Many decades ago, when the movies still were young and naive, and the original version of The Day the Earth Stood Still wasn’t even a gleam in the robot Gort’s cycloptic eye, a Russian director named Lev Kuleshov put on a famous series of cinematic experiments. He took one straightforward shot, of a movie star’s handsome but expressionless face, and intercut it with unrelated shots of noteworthy emotional potential — say, a bowl of soup, a child in a coffin, a rather fetching young woman.
With the images toggling back and forth, the star’s face necessarily remained impassive, yet audiences commended his expressiveness — the subtle skill with which he’d conveyed, in turn, hunger, sorrow, attraction. Later they called this the Kuleshov effect, and it seemed like the true and absolute essence of cinema: editing itself as a powerful maker of meaning. So powerful, actually, that your actor didn’t even need to act.
Which brings us to Keanu Reeves. These days, if there’s a go-to movie star for handsome-but-expressionless, this must be the guy. When it comes to blankness bordering on the unnatural, he’s a natural. Plus, as history has shown, you put him in a straight black suit, hook him up to some electrodes on occasion, liken him both to Christ and to a fish out of water, and he’ll hold that camera’s attention like — well, like the Earth’s standing still. Call it the Keanu effect.
That’s right: I am saying that the cheesy new Keanu Reeves remake of The Day the Earth Stood Still, however utterly unnecessary and half-assedly realized and anticlimactic it may be (quite, it’s fair to say), is also, in fact, a model of the true and absolute essence of cinema. I am offering a way to really appreciate this film, if only you can open your mind.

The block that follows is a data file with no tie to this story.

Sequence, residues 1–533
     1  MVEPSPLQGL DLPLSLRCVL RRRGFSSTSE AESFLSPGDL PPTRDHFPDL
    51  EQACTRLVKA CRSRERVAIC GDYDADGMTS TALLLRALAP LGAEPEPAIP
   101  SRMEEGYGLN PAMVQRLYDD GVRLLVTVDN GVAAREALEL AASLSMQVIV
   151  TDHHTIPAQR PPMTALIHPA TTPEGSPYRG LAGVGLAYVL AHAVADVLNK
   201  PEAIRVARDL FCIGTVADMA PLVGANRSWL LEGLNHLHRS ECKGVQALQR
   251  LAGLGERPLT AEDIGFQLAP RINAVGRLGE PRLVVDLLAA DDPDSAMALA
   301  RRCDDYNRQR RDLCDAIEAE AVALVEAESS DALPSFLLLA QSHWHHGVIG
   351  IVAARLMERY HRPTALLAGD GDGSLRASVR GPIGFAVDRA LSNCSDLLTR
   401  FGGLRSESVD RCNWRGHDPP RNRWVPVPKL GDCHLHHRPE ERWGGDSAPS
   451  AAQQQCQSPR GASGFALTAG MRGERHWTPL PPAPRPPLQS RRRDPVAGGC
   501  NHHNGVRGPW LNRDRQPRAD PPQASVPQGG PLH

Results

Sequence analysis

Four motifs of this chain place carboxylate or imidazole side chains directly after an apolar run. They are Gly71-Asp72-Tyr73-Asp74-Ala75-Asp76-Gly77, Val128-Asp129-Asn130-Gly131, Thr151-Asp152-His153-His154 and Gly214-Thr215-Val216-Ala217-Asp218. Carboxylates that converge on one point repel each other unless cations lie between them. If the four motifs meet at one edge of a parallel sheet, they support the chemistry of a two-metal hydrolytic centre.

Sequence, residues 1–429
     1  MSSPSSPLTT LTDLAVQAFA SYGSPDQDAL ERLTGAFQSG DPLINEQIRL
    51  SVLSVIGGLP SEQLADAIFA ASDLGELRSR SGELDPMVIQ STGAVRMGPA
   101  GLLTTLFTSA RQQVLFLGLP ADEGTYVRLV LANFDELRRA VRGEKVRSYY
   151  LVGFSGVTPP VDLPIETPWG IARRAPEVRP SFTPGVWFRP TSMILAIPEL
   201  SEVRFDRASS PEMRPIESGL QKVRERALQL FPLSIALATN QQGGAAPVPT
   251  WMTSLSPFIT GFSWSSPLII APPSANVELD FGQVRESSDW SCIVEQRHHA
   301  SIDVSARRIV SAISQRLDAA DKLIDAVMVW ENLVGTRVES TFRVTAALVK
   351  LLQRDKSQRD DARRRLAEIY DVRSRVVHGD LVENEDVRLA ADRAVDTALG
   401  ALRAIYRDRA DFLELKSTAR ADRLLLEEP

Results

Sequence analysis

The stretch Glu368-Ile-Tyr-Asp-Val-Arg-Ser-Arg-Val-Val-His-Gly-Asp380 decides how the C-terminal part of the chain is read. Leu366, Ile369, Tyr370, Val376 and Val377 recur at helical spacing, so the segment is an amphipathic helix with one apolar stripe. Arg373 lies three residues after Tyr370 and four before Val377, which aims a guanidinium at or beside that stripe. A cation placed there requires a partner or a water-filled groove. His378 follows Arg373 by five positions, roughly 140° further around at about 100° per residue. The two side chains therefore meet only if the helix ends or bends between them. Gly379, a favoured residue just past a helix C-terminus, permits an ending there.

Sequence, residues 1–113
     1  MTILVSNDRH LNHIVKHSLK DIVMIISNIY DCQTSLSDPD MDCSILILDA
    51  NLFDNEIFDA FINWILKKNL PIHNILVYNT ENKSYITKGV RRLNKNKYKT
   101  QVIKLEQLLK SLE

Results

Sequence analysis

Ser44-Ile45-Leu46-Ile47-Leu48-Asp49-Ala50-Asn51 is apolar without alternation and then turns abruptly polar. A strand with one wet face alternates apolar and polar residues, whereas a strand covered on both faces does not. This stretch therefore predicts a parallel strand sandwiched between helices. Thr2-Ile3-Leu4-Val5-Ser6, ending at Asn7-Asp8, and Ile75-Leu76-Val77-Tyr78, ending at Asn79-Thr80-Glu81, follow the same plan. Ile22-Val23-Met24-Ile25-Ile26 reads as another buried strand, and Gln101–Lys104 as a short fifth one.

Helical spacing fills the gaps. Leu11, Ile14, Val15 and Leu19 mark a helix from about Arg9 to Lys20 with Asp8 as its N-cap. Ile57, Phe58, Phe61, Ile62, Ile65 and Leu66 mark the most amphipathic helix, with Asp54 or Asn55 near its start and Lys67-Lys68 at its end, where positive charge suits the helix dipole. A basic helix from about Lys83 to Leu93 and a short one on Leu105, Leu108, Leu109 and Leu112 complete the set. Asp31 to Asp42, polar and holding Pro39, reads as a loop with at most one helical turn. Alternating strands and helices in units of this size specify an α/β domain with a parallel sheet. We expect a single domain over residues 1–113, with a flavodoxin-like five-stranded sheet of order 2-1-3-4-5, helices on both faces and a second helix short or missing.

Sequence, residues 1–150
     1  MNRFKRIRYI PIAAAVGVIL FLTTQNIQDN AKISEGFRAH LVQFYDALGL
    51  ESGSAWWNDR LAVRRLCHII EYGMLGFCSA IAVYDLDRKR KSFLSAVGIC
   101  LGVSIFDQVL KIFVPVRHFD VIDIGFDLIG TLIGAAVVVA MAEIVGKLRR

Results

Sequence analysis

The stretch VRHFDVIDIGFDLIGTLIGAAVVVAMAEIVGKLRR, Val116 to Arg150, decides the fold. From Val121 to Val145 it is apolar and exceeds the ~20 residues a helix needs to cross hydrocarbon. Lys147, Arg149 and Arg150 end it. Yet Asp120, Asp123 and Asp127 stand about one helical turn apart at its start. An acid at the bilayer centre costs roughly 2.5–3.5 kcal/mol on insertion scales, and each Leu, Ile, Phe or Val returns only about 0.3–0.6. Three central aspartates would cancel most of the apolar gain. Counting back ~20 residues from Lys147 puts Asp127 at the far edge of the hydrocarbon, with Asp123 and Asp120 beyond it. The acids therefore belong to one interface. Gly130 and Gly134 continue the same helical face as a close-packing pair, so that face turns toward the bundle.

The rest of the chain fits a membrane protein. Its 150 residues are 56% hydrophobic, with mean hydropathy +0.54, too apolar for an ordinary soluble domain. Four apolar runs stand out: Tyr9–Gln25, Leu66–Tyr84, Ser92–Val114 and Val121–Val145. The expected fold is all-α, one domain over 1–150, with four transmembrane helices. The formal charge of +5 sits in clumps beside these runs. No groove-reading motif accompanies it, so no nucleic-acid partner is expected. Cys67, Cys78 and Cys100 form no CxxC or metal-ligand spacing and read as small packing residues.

Without even doing much, Reeves really is the best thing about it. If we’re being honest, all the cool shots of buses and stadiums crumbling into dust have been given away in the trailer anyway. Far more compelling is Reeves as the alien Klaatu, who, on behalf of several other civilizations, would like to remind humanity that Earth is a rare and precious little terrarium, and humanity had better not go on ruining it for all the other species. (It’s a minor variation on the no-nukes 1951 original.) Humanity doesn’t want to hear it, natch, so Klaatu coolly decides to turn out humanity’s lights.
He has a better rapport with appliances, anyway — from the polygraph he uses to control its operator’s mind to the train-station vending machine he persuades to give him a free tuna sandwich — and with animals, whom he herds into his ark-like spaceships for their own protection (although apparently the tuna should be on guard).
And he has help: from his creepy huge humanoid robot Gort, and from Jennifer Connelly as the rather fetching young biologist who reaches out to him when everyone else around seems (albeit futilely) to be pointing weapons. When she tearily and repeatedly pleads with Klaatu, “We can change,” he replies with a blank stare. When she sorta proves it through an emotional reconciliation with her unappreciative step-son (Jaden Smith), Klaatu goes even blanker. With such a face, who needs special effects?
No, the movie never puts the kid in a coffin (well, almost) or presents Keanu with a bowl of soup, but you can bet that if it did, his reaction would be equally profound.